Two years ago, F-Secure and the University of Helsinki launched an online course series called Cyber Security Base with F-Secure. It’s a free, massive open online course (MOOC) designed to give people the knowledge and skills they need to begin a career in cyber security.
It’s first year was a huge success. It attracted interest from over 50,000 people from different countries, and nearly 5000 people took part in the course assignments. And since it’s so popular, F-Secure and the University of Helsinki are bringing it back for another year.
Because this is the course series’ third year, we know people have questions. So here’s a quick FAQ. If you have a question that’s not covered here, feel free to submit it as a comment and we’ll do our best to get you an answer.
Is the course series free?
How many hours of work should I be prepared to put in?
This will vary from person to person. But students should expect to spend 2-10 hours per week on the course.
Are there any prerequisites for registering?
No, there are no formal requirements. But a basic understanding of coding, networks, and cyber security are needed to follow some of the course material. You are of course welcome to register without this background knowledge, but you’ll need to put in extra time learning these things if you want to complete all parts of the course.
How do I register?
You can register for the courses here.
What’s a good language to learn if I don’t have any coding experience?
The course does not require knowledge of one specific language. The materials use Java for examples, but students are free to use whatever language they want to complete assignments.
Generally, Java and Python are both easy for beginners to learn and fairly popular. On the other hand, C/C++ can teach you more about how computers actually work, which can be useful for certain types of programming.
So if you’re learning from scratch, you should consider what kind of work you want to do after the course ends. You can check out this handy infographic for some insight into what different languages are used for by professionals.
Is it possible for me to catch up if I join the course after it begins or miss part of it?
Yes. The course consists of different modules, and they can be taken independently. So if you miss one module or don’t finish it for some reason, you can still take the others.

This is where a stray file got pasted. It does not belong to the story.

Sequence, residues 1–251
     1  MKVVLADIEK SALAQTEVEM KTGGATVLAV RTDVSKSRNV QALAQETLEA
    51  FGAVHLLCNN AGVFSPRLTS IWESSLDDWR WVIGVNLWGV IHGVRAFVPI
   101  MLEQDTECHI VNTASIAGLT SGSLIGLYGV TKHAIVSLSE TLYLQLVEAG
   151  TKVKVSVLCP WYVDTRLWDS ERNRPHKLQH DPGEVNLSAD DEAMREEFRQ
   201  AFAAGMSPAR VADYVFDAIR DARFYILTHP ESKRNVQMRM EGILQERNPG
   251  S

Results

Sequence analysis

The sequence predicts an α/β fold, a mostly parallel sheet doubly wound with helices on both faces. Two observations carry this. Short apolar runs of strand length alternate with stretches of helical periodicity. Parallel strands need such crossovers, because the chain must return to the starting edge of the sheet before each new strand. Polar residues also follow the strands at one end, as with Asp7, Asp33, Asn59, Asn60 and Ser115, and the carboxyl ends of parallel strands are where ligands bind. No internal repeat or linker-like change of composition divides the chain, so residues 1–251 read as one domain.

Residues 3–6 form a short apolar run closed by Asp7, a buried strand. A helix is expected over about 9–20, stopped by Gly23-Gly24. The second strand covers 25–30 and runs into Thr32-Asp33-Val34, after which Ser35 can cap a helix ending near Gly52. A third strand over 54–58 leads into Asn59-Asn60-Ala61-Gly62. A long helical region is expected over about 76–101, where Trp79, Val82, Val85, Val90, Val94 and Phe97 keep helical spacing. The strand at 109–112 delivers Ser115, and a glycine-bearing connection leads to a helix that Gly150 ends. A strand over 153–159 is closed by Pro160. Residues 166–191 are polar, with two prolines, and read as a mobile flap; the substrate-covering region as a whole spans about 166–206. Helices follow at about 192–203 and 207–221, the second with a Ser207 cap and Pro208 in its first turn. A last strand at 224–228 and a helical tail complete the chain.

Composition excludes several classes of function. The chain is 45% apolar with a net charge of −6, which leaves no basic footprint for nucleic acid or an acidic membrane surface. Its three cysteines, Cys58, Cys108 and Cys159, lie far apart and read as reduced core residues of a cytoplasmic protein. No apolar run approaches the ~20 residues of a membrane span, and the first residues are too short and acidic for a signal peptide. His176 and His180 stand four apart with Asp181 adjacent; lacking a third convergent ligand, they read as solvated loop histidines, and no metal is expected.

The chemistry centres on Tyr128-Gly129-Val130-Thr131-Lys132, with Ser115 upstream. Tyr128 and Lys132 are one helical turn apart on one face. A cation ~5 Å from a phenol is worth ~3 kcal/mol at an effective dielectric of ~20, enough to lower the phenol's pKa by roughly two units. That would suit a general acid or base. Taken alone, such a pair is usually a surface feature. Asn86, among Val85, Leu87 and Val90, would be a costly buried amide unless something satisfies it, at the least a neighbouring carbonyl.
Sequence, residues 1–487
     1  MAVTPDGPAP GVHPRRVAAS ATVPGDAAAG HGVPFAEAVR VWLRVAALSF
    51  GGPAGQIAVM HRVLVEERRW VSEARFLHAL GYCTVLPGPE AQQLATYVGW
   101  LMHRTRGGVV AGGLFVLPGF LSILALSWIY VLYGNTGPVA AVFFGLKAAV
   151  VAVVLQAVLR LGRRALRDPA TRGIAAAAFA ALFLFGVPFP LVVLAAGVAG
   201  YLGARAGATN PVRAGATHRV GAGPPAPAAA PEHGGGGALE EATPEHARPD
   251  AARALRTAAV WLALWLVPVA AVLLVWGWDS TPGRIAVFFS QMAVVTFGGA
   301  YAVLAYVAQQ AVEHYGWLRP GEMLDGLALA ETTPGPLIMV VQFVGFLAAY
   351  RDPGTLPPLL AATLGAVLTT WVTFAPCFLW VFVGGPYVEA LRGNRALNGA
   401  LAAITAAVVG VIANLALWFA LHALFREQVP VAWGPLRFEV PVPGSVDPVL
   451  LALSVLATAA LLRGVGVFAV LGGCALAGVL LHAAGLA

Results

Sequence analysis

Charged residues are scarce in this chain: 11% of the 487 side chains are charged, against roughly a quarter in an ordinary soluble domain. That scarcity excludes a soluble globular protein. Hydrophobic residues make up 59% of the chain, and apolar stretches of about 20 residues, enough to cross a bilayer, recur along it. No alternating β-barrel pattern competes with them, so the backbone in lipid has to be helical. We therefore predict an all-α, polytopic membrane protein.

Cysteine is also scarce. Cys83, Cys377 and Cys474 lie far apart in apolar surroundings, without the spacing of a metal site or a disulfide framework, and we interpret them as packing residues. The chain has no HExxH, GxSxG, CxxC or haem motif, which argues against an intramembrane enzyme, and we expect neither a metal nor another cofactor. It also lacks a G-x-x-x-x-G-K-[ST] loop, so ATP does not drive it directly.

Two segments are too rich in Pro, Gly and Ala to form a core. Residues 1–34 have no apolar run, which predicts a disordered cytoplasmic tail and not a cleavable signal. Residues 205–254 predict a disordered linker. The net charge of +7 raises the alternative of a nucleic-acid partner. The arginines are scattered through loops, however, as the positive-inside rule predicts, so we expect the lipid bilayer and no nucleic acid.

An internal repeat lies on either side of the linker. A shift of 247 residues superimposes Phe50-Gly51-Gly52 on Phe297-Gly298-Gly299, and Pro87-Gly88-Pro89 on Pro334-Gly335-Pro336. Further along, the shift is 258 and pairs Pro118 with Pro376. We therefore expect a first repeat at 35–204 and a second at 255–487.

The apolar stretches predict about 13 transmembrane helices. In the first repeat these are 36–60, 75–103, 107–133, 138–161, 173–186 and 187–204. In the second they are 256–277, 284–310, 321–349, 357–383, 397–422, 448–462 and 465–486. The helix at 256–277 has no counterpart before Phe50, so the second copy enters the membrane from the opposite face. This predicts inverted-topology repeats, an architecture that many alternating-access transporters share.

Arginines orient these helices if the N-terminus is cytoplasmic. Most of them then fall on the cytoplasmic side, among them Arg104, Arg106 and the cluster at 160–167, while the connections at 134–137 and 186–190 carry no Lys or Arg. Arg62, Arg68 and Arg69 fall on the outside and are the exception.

Can I earn credits toward university degrees?
Students at Finnish universities can receive up to 10 ECTS credits if they complete all parts of the course. These credits can be transferred to schools outside of Finland (students have done so in the past), but this requires a little bit of additional paperwork and approval by the recipient school.
What kind of topics does the MOOC cover?
The MOOC addresses a range of topics that people need to know about to work in cyber security. These topics include
- introductions to cyber security and operational security
- web software development, types of vulnerabilities that are typical to web software, how such vulnerabilities are discovered and then mitigated
- advanced topics such as secure software architectures and cryptography
I want to learn more about cyber security, but I’m not looking to become a cyber security specialist. Will parts of the course still be useful for me?
Yes. Thanks to digitalization, cyber security is an issue that cuts across different industries and professions, so the knowledge and skills people learn in the course can be applied in a wide variety of careers.
What kind of assignments does the course include?
Readings, essays, quizzes, and puzzles are used in different modules. Some modules include projects and programming assignments for students to work on. There will also be a competition where students find and fix vulnerabilities within an allotted amount of time.
The first module, “Introduction to Cyber Security” is already open. And the University of Helisnki will live-stream a kick-off event for the course on November 7th.
You can watch the kick-offs for previous years’ course series here.
Note: An earlier version of this post was published on Oct 3rd, 2017.
Photo courtesy of Susan Heikkinen / University of Helsinki.